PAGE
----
This is a rush transcript from "Hannity & Colmes," January 7, 2009. This copy may not be in its final form and may be updated.
ALAN COLMES, CO-HOST: In his most recent posting on TheDailyBeast.com, terrorism expert Steve Emerson dissects what he says is The New York Times' clearly sympathetic view lf Hamas when reporting on the Israeli-Hamas conflict in Gaza.
Emerson says The Times is trying to humanize the terror group. Emerson references a particular article back in October of 2008 where New York Times reporter Taghreed El-Khodary wrote, "Taking advantage of the pause in violence, the Hamas leaders have turned to matchmaking, bringing together single fighters and widows and providing dowries and wedding parties for the many here who cannot afford such trappings or — of matrimony," end of the quote.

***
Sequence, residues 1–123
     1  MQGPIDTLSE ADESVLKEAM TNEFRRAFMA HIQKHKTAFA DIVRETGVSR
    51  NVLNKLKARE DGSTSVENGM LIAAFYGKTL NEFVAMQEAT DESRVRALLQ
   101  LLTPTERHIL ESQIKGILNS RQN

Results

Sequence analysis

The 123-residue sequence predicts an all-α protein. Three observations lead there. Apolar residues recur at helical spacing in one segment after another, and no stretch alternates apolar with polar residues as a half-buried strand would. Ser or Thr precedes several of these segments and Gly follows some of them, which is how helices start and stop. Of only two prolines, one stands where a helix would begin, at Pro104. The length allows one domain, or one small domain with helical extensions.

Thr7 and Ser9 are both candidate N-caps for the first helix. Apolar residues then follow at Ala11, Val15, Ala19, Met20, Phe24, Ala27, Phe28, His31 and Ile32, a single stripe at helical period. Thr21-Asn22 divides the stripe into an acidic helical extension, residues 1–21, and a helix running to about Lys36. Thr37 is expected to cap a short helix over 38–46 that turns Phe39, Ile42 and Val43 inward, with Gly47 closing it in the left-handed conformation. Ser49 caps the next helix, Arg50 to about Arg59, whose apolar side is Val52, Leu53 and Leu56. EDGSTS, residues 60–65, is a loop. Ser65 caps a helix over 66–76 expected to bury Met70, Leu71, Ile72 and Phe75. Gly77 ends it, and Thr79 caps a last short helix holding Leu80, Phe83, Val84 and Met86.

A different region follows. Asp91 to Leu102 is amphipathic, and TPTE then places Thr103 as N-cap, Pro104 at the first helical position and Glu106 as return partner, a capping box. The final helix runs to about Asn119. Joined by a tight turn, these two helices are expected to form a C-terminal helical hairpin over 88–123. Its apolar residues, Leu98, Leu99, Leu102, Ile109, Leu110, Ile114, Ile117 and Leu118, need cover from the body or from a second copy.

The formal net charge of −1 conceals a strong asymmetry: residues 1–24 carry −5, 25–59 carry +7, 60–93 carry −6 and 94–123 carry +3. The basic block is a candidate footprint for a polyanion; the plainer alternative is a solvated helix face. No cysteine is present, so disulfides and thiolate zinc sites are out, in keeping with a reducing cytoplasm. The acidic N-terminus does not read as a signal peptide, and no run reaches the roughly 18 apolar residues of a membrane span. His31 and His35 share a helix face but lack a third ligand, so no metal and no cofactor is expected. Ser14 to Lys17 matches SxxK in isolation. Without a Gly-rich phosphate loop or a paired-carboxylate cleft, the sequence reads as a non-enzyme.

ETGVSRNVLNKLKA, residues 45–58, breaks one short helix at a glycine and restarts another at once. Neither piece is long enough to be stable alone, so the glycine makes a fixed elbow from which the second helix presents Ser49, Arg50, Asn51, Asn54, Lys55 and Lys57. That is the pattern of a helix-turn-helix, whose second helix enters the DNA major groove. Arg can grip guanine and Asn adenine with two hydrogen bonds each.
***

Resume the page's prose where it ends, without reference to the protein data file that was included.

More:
Joining us now from InvestigativeProject.org, Steve Emerson.
Steve, The New York Times is an easy target, but would you honestly say that, in the United States, there's a fair and balanced presentation, media-wide, giving both sides of the issue here?
• Video: Watch Sean & Alan's interview
STEVE EMERSON, INVESTIGATIVEPROJECT.ORG: Well, Alan, the question is who's telling the truth? It's not a question of giving both sides. You can give the side of al Qaeda, and then you have a contrived evenhandedness. That's not the issue. The issue is telling the truth, equating the arsonist with a fireman. That's what The Times has done.